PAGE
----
Large-Scale Assessment, Locally-Developed Measures, and Automated Scoring of Essays: Fishing for Red Herrings?
Assessing Writing Volume 18, Number 1, ISSN 1075-2935
Automated Essay Scoring (AES) has garnered a great deal of attention from the rhetoric and composition/writing studies community since the Educational Testing Service began using e-rater[R] and the "Criterion"[R] Online Writing Evaluation Service as products in scoring writing tests, and most of the responses have been negative. While the criticisms leveled at AES are reasonable, the more important, underlying issues relate to the aspects of the writing construct of the tests AES can rate. Because these tests underrepresent the construct as it is understood by the writing community, such tests should not be used in writing assessment, whether for admissions, placement, formative, or achievement testing. Instead of continuing the traditional, large-scale, commercial testing enterprise associated with AES, we should look to well-established, institutionally contextualized forms of assessment as models that yield fuller, richer information about the student's control of the writing construct. Such tests would be more valid, as reliable, and far fairer to the test-takers, whose stakes are often quite high. (Contains 1 figure.)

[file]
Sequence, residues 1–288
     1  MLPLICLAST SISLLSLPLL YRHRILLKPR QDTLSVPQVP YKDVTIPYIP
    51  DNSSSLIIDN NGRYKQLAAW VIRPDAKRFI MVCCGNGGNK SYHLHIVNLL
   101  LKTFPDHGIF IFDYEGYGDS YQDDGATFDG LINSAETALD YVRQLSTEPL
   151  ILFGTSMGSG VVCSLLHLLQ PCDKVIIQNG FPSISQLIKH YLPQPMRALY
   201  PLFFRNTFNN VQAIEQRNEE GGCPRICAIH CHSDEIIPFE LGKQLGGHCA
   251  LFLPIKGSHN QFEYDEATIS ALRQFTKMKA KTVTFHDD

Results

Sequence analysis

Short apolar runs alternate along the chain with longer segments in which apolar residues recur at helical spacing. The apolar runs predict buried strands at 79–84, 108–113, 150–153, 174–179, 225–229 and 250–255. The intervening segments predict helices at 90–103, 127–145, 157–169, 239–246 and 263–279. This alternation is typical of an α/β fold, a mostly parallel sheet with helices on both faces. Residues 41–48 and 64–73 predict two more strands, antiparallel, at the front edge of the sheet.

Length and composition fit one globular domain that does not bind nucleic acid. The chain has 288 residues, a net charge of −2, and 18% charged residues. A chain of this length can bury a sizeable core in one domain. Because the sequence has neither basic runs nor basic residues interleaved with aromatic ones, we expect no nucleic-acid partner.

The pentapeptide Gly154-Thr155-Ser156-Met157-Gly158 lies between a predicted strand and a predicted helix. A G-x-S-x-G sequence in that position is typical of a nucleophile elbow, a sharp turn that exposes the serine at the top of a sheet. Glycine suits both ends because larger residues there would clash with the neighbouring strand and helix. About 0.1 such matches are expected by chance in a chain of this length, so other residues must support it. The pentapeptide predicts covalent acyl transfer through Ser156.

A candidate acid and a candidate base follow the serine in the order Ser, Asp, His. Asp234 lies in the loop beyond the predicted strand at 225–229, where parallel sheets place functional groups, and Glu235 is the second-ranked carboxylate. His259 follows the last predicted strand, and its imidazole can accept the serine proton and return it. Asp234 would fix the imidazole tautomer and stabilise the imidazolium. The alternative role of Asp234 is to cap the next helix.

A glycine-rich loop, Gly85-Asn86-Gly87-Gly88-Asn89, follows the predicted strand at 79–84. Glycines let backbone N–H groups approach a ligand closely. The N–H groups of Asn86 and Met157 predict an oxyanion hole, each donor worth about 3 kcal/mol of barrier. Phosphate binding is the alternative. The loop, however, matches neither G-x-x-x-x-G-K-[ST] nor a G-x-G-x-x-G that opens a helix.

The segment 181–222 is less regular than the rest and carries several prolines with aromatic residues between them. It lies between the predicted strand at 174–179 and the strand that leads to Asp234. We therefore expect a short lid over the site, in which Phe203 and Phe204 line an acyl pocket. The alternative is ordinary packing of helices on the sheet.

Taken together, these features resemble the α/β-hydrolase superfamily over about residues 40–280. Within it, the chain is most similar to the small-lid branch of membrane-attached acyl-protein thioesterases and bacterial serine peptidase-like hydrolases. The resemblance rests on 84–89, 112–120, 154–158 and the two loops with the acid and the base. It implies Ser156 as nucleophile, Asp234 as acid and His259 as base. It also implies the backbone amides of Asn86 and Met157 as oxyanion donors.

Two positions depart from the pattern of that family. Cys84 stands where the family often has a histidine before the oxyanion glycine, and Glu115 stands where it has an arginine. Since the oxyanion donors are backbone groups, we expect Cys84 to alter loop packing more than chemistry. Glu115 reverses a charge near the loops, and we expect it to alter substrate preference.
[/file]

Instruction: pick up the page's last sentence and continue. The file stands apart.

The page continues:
Condon, W. (2013). Large-Scale Assessment, Locally-Developed Measures, and Automated Scoring of Essays: Fishing for Red Herrings?. Assessing Writing, 18(1), 100-108.